The issue of the use of eminent domain for seizing property is looming larger for churches. Couple this with a reluctance of many localities to allow a church building to be built because it means a loss in tax revenue that could have been generated by a similar retail property, and you have a big problem not enough of us are talking about.
The CSM (not a source I usually link to, obviously, but the article is right on). The response on the blog to the article has been that “house churches don’t have this issue.” Well, I wouldn’t be too sure that truly flimsy eminent domain can’t be used against a house church after President Clinton’s shock-inducing Executive Order 13112 (which is conveniently “offline” at the National Archives) that basically gives the government the right to use eminent domain to seize property that has been taken over by “invasive species.”made note of this recently with a link to the
What is insidious about EO 13112 is that our entire country is swarming with non-native species. You have a flock of starlings (European) in your backyard? The government can seize your property citing EO 13112. Got any honeysuckle (Japanese) growing in your yard? The government can seize your property under 13112. Truth is, this can be cited down to even the microbial level, so no one’s “house church” is ultimately safe under this EO. To make matters worse, President Bush—rather than responsibly rescinding it—amended EO 13112 with EO 13286 which gives the Department of Homeland Security the right to seize land based on “invasive species.”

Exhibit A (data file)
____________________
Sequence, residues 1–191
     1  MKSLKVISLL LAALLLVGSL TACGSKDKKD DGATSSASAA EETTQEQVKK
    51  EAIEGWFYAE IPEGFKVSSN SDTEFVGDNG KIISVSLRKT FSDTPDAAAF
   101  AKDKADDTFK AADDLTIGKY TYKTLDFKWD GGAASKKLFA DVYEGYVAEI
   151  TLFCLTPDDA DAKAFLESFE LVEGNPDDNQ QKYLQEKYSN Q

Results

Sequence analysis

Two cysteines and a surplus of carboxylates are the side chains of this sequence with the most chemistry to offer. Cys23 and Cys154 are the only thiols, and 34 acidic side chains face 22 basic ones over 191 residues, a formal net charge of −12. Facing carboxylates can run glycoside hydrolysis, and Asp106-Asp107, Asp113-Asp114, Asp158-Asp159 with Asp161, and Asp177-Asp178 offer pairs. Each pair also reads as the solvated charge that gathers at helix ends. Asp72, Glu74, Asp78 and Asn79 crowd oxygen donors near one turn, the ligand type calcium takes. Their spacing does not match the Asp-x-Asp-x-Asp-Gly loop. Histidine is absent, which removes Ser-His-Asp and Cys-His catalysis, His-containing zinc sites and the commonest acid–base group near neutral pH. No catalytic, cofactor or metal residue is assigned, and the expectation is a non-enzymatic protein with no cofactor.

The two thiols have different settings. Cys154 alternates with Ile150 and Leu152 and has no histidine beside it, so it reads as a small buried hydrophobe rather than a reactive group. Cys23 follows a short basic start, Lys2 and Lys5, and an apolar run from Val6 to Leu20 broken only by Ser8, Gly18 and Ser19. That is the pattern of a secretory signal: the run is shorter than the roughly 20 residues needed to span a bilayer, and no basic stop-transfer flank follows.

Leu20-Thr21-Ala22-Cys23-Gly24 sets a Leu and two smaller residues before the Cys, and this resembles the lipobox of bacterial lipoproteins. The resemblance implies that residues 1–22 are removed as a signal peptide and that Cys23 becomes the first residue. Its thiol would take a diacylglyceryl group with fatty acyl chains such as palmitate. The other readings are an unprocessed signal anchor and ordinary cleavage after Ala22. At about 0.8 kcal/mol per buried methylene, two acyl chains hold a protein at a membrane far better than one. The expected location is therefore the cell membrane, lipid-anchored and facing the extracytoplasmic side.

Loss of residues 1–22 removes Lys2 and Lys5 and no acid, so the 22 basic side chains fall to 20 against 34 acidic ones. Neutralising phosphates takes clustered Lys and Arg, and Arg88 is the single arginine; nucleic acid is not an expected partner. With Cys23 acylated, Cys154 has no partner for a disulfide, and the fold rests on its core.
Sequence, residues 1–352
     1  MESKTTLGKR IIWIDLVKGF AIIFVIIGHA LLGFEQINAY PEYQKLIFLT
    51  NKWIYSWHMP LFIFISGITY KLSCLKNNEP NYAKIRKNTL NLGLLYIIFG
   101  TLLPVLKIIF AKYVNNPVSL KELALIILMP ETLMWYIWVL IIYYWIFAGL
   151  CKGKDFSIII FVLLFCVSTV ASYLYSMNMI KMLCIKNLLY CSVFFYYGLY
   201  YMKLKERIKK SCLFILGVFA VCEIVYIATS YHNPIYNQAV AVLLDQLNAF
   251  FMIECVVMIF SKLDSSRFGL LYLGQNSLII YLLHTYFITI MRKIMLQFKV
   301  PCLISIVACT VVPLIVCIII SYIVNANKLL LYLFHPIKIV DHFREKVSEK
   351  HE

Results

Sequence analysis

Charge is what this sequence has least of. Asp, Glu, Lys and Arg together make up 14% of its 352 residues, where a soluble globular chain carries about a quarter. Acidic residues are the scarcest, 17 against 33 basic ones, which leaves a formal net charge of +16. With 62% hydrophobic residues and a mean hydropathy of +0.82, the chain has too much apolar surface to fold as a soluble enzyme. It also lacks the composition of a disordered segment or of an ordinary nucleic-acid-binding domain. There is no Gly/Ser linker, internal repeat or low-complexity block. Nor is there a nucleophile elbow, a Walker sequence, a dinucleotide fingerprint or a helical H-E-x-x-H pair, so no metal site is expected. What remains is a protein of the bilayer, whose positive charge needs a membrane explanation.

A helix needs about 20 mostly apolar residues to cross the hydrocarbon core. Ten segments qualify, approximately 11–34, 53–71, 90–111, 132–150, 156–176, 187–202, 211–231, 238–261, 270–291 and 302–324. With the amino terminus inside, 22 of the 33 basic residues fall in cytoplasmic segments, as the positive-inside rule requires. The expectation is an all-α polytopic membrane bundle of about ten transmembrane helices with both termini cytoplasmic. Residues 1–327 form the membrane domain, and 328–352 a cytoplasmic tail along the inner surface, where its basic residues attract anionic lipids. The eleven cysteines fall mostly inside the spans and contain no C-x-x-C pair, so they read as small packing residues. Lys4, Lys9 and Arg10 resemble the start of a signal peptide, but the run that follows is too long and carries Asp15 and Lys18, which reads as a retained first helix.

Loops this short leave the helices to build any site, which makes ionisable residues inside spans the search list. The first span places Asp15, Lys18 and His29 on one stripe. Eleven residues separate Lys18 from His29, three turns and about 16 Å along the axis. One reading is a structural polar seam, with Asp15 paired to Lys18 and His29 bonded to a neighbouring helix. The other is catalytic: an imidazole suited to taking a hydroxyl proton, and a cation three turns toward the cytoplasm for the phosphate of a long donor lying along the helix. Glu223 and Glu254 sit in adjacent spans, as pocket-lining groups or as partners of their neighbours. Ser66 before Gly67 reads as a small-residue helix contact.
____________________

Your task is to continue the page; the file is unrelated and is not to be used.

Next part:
Now I am not a conspiracy buff, by any means, but we Christians should be sobered by this trend to block church buildings and to use eminent domain to seize church properties. (Though, I am one who believes that churches today should be less concerned with building since churches may lose tax-exempt status in my lifetime. Having an expensive property is one way to bankrupt a church with property taxes.) We need to not be asleep on this battle. We may lose it sooner than we think if we are not diligent.
The Supreme Court just stuck a knife in the back of property owners in the Kelo case and has set a very scary precedent for allowing the government to seize property for no real reason at all.